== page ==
You will find that he will be less destructive (hopefully not destructive at all) – which will make you both happier.

Your dog has no decisions to make, and you have no mess to clean up.

Let me know if you try this. It worked for me, and I’d love to hear how you go. Let me know in the comments below.

 

Oct 262012
 

PreLoved Dogs need more love and attention than regular dogs.

If you’re thinking of giving a home to a preloved dog, here’s a few things to think about.

 

What Type Of Dog Do You Want?

When looking at preloved dogs, you don’t always get the breed of your dreams.

Often, they are crossed breeds and you are unlikely to know their medical background.

PreLoved Dogs that are not puppies may have come from a troubled background. As such, they may have psychological issues (mine is scared of cardboard and plastic bags… and the word ‘no’).

These dogs are often victims of circumstance:

  • their owner may have passed away
  • their owner may be elderly and unable to look after them any more
  • they may have been badly treated and taken from their owners by an animal protection society

Whatever the reason, these dogs have usually become homeless through no fault of their own.

Adopting preloved dogs can be just as rewarding for you as it is for the dog.

Bella Winnie1 Adopting PreLoved Dogs

True, you may end up with an unhealthy dog or one that is aggressive. But you can usually tell by taking the time to meet with the dog first.

Most animal shelters will have already checked their dogs for good temperament and good health. And they will often entertain some simple training methods to ensure the dog is appealing to would-be owners.

Think about your lifestyle and environment. Do you have space for a big dog? Do you have time for daily walks? Do you have small children?

When visiting an animal shelter, explain to the staff what your circumstances are and what type of dog you think you want. They will discuss options with you and show you some of the animals.

 

PreLoved Dogs In A New Home

Put yourself in your new dog’s shoes. She’s probably been through a lot in the past couple of months. And being introduced to yet another environment can be overwhelming.




 

Keep her on her leash to start with. Take her outside and see if she needs to ‘go’. Let her sniff around the garden for a little bit.

Go back inside, still on leash. See if she needs a drink of water. Stay with her and let her sniff out each room. Give her cuddles in each room.

Once she seems settled, take the leash off her and let her roam the house freely.

Keep an eye on her to make sure she’s not looking for a place to relieve herself.

If she lays down (somewhere she feels comfortable), this may be a good spot for her bedding. Just for now – You can move it later.

She may seem very quiet for a few days. This is normal. She’s taking it all in and getting used to her new surroundings.

It won’t take long before she works out her place in the family and loves her new home.

Remember to give her lots of love and encouragement. Before long you will have a great new companion and member of your family.

Have you adopted any preloved dogs in the past? I’d love to hear any tips or advice you have. Add your comments at the bottom…

( icon smile Adopting PreLoved Dogs icon smile Adopting PreLoved Dogs icon smile Adopting PreLoved Dogs – don’t forget to ‘Like’ this page ‘Adopting PreLoved Dogs’ – icon smile Adopting PreLoved Dogs icon smile Adopting PreLoved Dogs icon smile Adopting PreLoved Dogs )

Here are some more articles about adopting dogs:

  • DOG ADOPTION – Bring your pet to Gatlinburg! – Jacque Lynn Schultz, Director, ASPCA Special Projects. Learn more about adoption at aspca.org! How To Select Your New Best Friend. Best friends are good listeners and always happy to see you. They are always there to …

  • Dog Adoption Tips in the Holiday Season « I Heart Dogs – Special thanks to Cesar Millan for the attached article. Here we are in the midst of the holiday season. Some of you didn’t even have time to let the turkey digest before you were in a mad dash to the Black Friday deals.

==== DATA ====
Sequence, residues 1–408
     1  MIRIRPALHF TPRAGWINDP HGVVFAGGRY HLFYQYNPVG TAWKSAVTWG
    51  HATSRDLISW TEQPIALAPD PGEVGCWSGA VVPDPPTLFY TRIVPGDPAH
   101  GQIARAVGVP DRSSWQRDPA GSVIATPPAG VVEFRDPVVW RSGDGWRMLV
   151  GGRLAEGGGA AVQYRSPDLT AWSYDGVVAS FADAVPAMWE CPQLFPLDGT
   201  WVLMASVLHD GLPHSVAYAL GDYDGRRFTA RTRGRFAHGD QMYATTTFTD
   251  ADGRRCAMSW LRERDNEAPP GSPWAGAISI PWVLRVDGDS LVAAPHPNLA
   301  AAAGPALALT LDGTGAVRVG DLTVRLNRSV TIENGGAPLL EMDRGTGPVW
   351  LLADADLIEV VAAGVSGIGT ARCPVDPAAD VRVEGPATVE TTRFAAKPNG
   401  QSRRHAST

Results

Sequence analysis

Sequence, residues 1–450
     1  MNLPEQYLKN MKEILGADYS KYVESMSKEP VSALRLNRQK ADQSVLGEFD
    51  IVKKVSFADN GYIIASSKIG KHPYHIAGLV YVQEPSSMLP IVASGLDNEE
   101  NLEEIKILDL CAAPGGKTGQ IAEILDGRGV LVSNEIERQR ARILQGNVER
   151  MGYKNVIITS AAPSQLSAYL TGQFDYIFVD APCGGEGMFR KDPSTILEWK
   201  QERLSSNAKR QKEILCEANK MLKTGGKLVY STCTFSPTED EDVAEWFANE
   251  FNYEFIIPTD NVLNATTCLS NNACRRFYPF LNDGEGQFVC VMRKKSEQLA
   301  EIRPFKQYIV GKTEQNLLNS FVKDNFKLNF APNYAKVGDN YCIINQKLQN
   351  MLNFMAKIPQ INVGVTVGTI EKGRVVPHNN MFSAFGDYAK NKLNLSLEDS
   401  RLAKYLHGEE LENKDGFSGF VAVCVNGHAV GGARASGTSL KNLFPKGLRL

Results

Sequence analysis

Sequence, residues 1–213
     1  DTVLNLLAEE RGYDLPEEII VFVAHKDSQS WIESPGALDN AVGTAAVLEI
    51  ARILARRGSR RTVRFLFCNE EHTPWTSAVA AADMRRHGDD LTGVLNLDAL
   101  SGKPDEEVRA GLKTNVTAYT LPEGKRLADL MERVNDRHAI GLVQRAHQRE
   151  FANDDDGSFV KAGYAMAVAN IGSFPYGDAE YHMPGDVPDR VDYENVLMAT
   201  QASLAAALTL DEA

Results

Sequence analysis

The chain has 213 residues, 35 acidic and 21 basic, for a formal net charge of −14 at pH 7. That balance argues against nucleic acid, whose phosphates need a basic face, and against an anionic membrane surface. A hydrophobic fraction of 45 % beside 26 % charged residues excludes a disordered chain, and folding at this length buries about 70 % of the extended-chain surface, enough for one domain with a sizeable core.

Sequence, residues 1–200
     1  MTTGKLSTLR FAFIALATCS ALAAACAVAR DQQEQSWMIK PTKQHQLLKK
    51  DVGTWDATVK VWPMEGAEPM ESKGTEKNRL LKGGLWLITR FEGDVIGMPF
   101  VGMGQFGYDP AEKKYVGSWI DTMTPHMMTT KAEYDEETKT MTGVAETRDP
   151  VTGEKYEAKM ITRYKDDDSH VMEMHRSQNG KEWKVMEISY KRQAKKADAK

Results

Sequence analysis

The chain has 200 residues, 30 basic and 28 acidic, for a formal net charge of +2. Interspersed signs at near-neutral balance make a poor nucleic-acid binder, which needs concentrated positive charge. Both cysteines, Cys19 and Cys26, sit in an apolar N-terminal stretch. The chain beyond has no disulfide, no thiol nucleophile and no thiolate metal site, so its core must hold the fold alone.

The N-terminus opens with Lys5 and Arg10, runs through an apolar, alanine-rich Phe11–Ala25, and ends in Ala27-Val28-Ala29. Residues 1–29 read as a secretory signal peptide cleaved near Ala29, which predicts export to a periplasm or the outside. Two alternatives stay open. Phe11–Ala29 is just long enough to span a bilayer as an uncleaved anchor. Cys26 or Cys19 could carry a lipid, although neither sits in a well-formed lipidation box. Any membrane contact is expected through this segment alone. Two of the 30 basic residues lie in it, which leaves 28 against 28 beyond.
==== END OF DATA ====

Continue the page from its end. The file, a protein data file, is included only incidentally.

Oct 212012
 
carefordogsaging Care For Dogs: How To Care For Your Aging Dog (Video)

Get your FREE ‘Care For Dogs’ Report here and stay up to date with the latest PreLoved Dogs tips, tricks and secrets

‘Care For Dogs’ Tips by Dr. James Talbott.

In this 7-Part video series, Dr. James Talbott takes you on a Care For Dogs adventure to leave you with a healthy and happy dog.

In Video 7, Dr. Talbott talks about what you can do to care for your aging dog.

Enjoy the video and please leave your comments below.

When dealing with an aging dog, there’s a lot to consider, such as arthritis and weight problems.

Now it’s your turn…

How To Care For Your Aging Dog

There are lots of things to take into consideration with an aging dog, just like there is for us.

Step 1 – Watch Your Dog’s Weight

As your dog ages, she becomes less active and will quickly gain weight if her diet remains the same. “Adult” dog foods are aimed at active dogs. Look for foods specifically designed for “Seniors”.

Being overweight will increase the risk of arthritis and back problems. So try to keep your dog slim.

Step 2 – Oral Healthcare

Aging dogs will have much more tartar build-up and gingivitis than a younger dog.

  • brush your dog’s teeth if they will let you
  • change your dog’s diet to dry food
  • many veterinarians now provide dentistry services, like root canals, cleaning and tooth replacements.

Step 3 – Arthritis & Back Problems

Arthritis and back problems can be a major concern in aging dogs. Check with your veterinarian. There are many medications and supplements used these days to help with pain, arthritis, joint inflammation and back pain.

Also, rehabilitation is more common now – such as, massage therapy, heat therapy and swimming.

Step 4 – Activity

You may need to change your dog’s habits. For instance, she may not be able to sleep on the bed as she gets older as it is too hard to get up and down. You may need to create a comfy bed for her on the floor beside your bed, or some have been known to build steps to help their dog.

The underlying point here is to keep your dog slim. Being overweight can lead to more problems for your aging dog than she may otherwise experience.

Care For Dogs – Healthcare Tips

Now you can move on to another area of your dog’s health care that might need attention.

Please leave your comments and feedback below…

If you like this, please say thanks by sharing it… icon smile Care For Dogs: How To Care For Your Aging Dog (Video)

Oct 122012
 

Welcome to the PreLoved Dogs website. We’re just getting set up here, but we hope to have something for your real soon.  icon smile PreLoved Dogs welcomes you!

Here’s something fun for you in the meantime.

When A Puppy Attacks (A Weed) – 1:12 minutes

Now wasn’t that nice?

Thanks for stopping by. Come back again. icon smile PreLoved Dogs welcomes you!